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A Journey in Other Worlds

thereby easing the work of the batteries engaged in supporting the Callisto, they were
soon sweeping along at seventy-five to one hundred miles an hour. By keeping the
projectile just strongly enough charged to neutralize gravitation, they remained for the
most part within two hundred feet of the ground, seldom rising to an altitude of more than
a mile, and were therefore able to keep the windows at the sides open and so obtain an
unobstructed view. If, however, at any time they felt oppressed by Jupiter's high
barometric pressure, and preferred the terrestrial conditions, they had but to rise till the
barometer fell to thirty. Then, if an object of interest recalled them to sea-level, they
could keep the Callisto's inside pressure at what they found on the Jovian mountains, by
screwing up the windows. On account of the distance of sixty-four thousand miles from
Jupiter's equator to the pole, they calculated that going at the speed of a hundred miles an
hour, night and day, it would take them twenty-five terrestrial days to reach the pole even
from latitude two degrees at which they started. But they knew that, if pressed for time,
they could rise above the limits of the atmosphere, and move with planetary speed; while,
if they wished a still easier method of pursuing their observation, they had but to remain
poised between the sun and Jupiter, beyond the latter's upper air, and photograph or map
it as it revolved before them.
By sunset they had gone a hundred miles. Wishing to push along, they closed the
windows, rose higher to avoid any mountain-tops that might be invisible in the
moonlight, and increased their speed. The air made a gentle humming sound as they shot
through it, and towards morning they saw several bright points of light in which they
recognized, by the aid of their glasses, sheets of flame and torrents of molten glowing
lava, bursting at intervals or pouring steadily from several volcanoes. From this they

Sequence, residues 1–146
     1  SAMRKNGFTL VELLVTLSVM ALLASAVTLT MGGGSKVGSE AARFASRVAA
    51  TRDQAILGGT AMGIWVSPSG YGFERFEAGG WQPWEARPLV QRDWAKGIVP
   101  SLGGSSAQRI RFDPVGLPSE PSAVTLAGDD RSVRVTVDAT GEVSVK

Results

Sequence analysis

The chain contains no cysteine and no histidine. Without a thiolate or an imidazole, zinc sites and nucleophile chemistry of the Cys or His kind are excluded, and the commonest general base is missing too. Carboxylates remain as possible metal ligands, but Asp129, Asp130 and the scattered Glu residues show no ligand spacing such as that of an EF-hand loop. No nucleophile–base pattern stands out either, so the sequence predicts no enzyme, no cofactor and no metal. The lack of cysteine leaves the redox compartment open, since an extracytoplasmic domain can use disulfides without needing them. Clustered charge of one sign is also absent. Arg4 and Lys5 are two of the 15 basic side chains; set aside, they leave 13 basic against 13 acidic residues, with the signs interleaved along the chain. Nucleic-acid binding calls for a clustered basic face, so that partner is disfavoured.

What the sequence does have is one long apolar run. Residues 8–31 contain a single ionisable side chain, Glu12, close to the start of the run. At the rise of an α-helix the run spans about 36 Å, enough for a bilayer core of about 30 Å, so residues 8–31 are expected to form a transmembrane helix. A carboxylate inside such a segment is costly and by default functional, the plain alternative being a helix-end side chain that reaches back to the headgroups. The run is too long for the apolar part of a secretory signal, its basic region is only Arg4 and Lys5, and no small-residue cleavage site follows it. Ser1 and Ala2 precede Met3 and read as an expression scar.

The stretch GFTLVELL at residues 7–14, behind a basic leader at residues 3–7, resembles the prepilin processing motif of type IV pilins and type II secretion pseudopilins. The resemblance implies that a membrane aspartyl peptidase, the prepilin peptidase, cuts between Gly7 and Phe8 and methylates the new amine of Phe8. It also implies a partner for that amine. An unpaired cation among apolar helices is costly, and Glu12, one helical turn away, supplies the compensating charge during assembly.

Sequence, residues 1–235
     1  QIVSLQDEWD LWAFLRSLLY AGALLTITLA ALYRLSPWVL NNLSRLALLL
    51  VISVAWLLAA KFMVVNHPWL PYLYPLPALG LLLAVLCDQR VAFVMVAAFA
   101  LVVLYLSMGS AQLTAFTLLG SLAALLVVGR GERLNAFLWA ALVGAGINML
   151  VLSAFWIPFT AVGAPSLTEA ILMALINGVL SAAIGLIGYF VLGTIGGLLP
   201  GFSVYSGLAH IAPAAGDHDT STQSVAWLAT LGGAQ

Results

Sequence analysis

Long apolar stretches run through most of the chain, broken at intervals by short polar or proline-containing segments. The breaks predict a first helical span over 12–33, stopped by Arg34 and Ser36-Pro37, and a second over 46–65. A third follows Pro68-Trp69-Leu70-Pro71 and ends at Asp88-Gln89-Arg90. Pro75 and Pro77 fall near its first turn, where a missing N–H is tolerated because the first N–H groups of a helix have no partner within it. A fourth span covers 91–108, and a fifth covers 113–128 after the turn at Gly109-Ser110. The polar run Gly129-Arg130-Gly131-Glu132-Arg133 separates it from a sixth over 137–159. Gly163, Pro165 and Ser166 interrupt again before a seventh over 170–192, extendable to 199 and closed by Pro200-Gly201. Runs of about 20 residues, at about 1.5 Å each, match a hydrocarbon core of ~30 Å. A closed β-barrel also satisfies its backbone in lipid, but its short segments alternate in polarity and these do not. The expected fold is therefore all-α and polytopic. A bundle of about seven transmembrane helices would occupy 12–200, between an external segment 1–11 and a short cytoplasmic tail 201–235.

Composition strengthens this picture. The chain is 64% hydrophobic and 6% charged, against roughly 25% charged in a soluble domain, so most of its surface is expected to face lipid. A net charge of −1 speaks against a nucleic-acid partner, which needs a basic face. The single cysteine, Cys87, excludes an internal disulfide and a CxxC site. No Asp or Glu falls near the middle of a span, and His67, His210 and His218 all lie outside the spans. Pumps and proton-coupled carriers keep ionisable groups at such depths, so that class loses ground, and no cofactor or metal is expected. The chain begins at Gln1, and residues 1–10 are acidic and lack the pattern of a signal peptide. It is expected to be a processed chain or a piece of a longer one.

concluded they were again near an ocean, since volcanoes need the presence of a large
body of water to provide steam for their eruptions.
With the rising sun they found the scene of the day before entirely changed. They were
over the shore of a vast ocean that extended to the left as far as they could see, for the
range of vision often exceeded the power of sight. The coast-line ran almost due north
and south, while the volcanoes that dotted it, and that had been luminous during the night,
now revealed their nature only by lines of smoke and vapours. They were struck by the
boldness and abruptness of the scenery. The mountains and cliffs had been but little cut
down by water and frost action, and seemed in the full vigour of their youth, which was
what the travellers had a right to expect on a globe that was still cooling and shrinking,
and consequently throwing up ridges in the shape of mountains far more rapidly than a
planet as matured and quiescent as the earth. The absence of lakes also showed them that
there had been no Glacial period, in the latitudes they were crossing, for a very long time.
"We can account for the absence of ice-action and scratches," said Cortlandt, "in one of
two ways. Either the proximity of the internal heat to the surface prevents water from
freezing in all latitudes, or Jupiter's axis has always been very nearly perpendicular to its
orbit, and consequently the thermometer has never been much below thirty-two degrees
Fahrenheit; for, at the considerable distance we are now from the sun, it is easy to
conceive that, with the axis much inclined, there might be cold weather, during the
Northern hemisphere's winter, that would last for about six of our years, even as near the